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Yankee Doodle

[dood-l]

"Yankee Doodle" is a well-known US song, often sung patriotically today. It is the state anthem of Connecticut.

The first verse and refrain, as often sung today, run thus:

Yankee Doodle went to town,
A-Riding on a pony;
He stuck a feather in his cap,
And called it macaroni.

The Voice of America begins and ends all broadcasts with the interval signal of "Yankee Doodle".

History and lyrics

The song's origins were in a pre-Revolutionary War song originally by British military officers to mock the disheveled, disorganized colonial "Yankees" with whom they served in the French and Indian War. The word doodle first appeared in the early seventeenth century to mean a fool or simpleton, and is thought to derive from the Low German dudel or dödel, meaning "fool" or "simpleton". It is believed that the tune comes from the nursery rhyme Lucy Locket. The mention of 'Macaroni' is a reference to an over the top sense of fashion and the men who took part in it, whom were often referred to as the "Macaroni Club". One version of the Yankee Doodle lyrics is attributed to Doctor Richard Shuckburgh, a British Army surgeon, who wrote the song after witnessing the unprofessional appearance of Colonel Thomas Fitch, Jr., the son of Connecticut Governor Thomas Fitch, who arrived in Albany in 1755 with the Connecticut militia.

The Boston Journal of the Times wrote about a British band declaring "that Yankee Doodle song was the Capital Piece of their band music."

Early versions

The earliest known version of the lyrics comes from 1755 or 1758, as the date of origin is disputed ("Yankee Doodle Turns 250—Maybe", Associated Press, 4 July 2008):
Brother Ephraim sold his Cow
And bought him a Commission;
And then he went to Canada
To fight for the Nation;

But when Ephraim he came home
He proved an arrant Coward,
He wouldn't fight the Frenchmen there
For fear of being devour'd.
(Note that the sheet music which accompanies these lyrics reads, "The Words to be Sung through the Nose, & in the West Country drawl & dialect.")

The Ephraim referenced here was Ephraim Williams, a popularly known Colonel in the Massachusetts militia who was killed in the Battle of Lake George. He left his land and property to the founding of a school in Western Massachusetts, now known as Williams College.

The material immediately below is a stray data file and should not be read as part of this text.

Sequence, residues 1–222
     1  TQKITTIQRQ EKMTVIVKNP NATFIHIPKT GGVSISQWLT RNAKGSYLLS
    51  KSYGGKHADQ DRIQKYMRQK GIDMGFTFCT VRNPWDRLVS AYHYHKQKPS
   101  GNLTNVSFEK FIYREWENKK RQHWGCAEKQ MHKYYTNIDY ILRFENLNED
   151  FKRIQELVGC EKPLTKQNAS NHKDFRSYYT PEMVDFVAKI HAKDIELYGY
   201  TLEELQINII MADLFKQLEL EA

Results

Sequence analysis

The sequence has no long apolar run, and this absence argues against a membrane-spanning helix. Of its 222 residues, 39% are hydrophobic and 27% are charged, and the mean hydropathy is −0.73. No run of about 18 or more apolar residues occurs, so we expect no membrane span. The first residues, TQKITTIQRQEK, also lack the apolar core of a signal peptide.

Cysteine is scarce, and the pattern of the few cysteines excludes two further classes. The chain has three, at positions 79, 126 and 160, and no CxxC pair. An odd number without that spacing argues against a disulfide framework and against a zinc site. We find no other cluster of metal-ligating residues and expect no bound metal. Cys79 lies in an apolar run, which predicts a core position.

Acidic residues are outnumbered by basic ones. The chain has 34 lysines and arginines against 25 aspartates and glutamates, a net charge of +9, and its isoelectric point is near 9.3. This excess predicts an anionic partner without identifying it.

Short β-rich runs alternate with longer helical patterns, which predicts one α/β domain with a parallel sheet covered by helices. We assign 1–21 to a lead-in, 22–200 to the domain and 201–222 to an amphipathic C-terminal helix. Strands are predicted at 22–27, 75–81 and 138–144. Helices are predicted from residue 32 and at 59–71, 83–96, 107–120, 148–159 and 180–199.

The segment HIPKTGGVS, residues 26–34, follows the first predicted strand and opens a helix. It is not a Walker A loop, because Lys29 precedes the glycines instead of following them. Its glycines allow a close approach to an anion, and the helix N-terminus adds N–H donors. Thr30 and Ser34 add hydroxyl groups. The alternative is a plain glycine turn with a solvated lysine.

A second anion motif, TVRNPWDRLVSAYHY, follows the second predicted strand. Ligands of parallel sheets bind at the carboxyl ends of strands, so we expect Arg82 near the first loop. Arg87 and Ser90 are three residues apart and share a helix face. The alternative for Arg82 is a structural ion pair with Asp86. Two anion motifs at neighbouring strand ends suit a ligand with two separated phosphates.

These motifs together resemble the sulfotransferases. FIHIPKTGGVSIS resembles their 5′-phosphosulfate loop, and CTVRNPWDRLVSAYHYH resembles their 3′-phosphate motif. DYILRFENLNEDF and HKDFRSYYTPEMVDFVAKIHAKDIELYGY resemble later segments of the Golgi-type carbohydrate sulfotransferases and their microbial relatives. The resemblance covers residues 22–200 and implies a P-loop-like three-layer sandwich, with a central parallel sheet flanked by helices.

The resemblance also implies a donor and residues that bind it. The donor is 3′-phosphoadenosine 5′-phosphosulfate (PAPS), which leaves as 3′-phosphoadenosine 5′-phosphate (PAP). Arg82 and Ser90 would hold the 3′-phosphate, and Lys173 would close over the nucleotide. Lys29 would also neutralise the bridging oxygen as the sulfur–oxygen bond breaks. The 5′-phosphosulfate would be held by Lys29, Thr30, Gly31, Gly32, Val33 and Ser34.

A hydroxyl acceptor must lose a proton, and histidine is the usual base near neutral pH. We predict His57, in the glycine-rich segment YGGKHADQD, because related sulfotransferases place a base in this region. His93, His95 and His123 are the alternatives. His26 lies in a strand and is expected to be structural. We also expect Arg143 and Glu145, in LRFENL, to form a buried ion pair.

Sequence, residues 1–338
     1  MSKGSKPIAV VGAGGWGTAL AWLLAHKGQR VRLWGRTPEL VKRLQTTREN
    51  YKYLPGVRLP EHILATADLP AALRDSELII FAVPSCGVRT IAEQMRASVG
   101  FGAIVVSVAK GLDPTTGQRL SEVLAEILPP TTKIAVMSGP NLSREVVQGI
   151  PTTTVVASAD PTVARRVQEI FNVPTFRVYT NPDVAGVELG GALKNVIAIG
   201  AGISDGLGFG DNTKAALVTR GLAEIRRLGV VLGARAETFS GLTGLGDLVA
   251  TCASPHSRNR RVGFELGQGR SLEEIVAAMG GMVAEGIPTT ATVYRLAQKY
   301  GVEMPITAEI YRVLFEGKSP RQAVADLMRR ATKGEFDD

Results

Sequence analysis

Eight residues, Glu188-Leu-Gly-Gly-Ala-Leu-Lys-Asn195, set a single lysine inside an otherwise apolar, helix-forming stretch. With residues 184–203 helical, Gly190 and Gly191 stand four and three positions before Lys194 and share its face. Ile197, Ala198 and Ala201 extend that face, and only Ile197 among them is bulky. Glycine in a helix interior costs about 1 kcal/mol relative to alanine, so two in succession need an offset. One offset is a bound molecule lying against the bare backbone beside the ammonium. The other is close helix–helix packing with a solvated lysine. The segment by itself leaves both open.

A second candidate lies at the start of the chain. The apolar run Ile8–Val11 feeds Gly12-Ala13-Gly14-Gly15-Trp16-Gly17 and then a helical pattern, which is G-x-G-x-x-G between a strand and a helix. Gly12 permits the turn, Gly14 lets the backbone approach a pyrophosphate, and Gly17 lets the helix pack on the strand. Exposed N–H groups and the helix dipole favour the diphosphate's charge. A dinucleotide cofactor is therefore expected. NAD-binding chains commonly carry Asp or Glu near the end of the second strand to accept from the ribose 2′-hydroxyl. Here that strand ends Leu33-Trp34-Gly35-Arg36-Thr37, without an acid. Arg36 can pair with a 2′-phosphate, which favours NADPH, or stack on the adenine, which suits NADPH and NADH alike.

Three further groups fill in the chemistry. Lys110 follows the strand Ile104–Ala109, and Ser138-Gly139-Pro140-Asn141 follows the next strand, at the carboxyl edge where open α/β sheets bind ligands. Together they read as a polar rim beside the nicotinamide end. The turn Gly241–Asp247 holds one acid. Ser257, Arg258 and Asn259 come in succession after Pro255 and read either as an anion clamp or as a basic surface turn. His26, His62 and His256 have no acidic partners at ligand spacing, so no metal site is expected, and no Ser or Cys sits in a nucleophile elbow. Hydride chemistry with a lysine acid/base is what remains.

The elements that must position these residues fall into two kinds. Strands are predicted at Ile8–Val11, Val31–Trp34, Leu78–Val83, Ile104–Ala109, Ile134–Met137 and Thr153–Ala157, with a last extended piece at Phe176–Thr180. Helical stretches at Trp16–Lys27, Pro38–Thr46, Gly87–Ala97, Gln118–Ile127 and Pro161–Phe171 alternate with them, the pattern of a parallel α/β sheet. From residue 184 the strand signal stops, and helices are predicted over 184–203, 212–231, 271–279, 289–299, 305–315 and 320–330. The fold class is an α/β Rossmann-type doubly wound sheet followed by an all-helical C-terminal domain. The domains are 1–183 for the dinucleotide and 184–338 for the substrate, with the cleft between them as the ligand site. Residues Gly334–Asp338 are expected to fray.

The tune also appeared in 1762, in one of America's first comic operas, The Disappointment, with bawdy lyrics about the search for Blackbeard's buried treasure by a team from Philadelphia.

It has been reported that the British often marched to a version believed to be about a man named Thomas Ditson, of Billerica, Massachusetts. Ditson was tarred and feathered for attempting to buy a musket in Boston in March 1775, although he later fought at Concord:

Yankee Doodle came to town,
For to buy a firelock,
We will tar and feather him,
And so we will John Hancock.

For this reason, the town of Billerica claims to be the "home" of Yankee Doodle, and claims that at this point the Americans embraced the song and made it their own, turning it back on those who had used it to mock them. After the Battle of Lexington and Concord, a Boston newspaper reported: "Upon their return to Boston [pursued by the Minutemen], one [Briton] asked his brother officer how he liked the tune now, — 'Dang them,' returned he, 'they made us dance it till we were tired' — since which Yankee Doodle sounds less sweet to their ears."

The British responded with another set of lyrics following the Battle of Bunker Hill:

The seventeen of June, at Break of Day,
The Rebels they supriz'd us,
With their strong Works, which they'd thrown up,
To burn the Town and drive us.

Also on February 6, 1788. Massachusetts ratified the Constitution by a vote of 186 to 168. To the ringing of bells and the booming of cannons, the delegates trooped out of Brattle Street Church. Before many days had passed, the citizens sang their convention song to the tune of "Yankee Doodle." Here are the lyrics to their song...

The vention did in Boston meet,